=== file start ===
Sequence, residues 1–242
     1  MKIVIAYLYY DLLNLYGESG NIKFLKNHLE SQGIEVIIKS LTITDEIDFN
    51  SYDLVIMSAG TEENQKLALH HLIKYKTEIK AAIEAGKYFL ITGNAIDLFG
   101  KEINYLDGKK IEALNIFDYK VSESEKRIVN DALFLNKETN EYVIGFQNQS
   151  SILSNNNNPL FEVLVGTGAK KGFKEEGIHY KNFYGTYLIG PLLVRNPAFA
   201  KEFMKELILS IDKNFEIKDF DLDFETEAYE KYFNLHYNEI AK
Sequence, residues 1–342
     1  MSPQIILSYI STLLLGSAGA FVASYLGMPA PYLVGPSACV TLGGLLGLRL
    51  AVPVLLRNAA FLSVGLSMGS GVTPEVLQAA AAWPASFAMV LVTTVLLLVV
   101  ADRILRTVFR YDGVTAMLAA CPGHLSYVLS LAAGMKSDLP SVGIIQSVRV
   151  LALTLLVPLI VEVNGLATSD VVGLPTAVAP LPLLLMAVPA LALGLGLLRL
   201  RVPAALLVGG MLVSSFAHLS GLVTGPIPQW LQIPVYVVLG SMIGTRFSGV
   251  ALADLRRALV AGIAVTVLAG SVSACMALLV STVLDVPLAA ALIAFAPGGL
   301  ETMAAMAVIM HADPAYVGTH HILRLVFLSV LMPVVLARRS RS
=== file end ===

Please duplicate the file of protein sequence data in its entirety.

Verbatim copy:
Sequence, residues 1–242
     1  MKIVIAYLYY DLLNLYGESG NIKFLKNHLE SQGIEVIIKS LTITDEIDFN
    51  SYDLVIMSAG TEENQKLALH HLIKYKTEIK AAIEAGKYFL ITGNAIDLFG
   101  KEINYLDGKK IEALNIFDYK VSESEKRIVN DALFLNKETN EYVIGFQNQS
   151  SILSNNNNPL FEVLVGTGAK KGFKEEGIHY KNFYGTYLIG PLLVRNPAFA
   201  KEFMKELILS IDKNFEIKDF DLDFETEAYE KYFNLHYNEI AK
Sequence, residues 1–342
     1  MSPQIILSYI STLLLGSAGA FVASYLGMPA PYLVGPSACV TLGGLLGLRL
    51  AVPVLLRNAA FLSVGLSMGS GVTPEVLQAA AAWPASFAMV LVTTVLLLVV
   101  ADRILRTVFR YDGVTAMLAA CPGHLSYVLS LAAGMKSDLP SVGIIQSVRV
   151  LALTLLVPLI VEVNGLATSD VVGLPTAVAP LPLLLMAVPA LALGLGLLRL
   201  RVPAALLVGG MLVSSFAHLS GLVTGPIPQW LQIPVYVVLG SMIGTRFSGV
   251  ALADLRRALV AGIAVTVLAG SVSACMALLV STVLDVPLAA ALIAFAPGGL
   301  ETMAAMAVIM HADPAYVGTH HILRLVFLSV LMPVVLARRS RS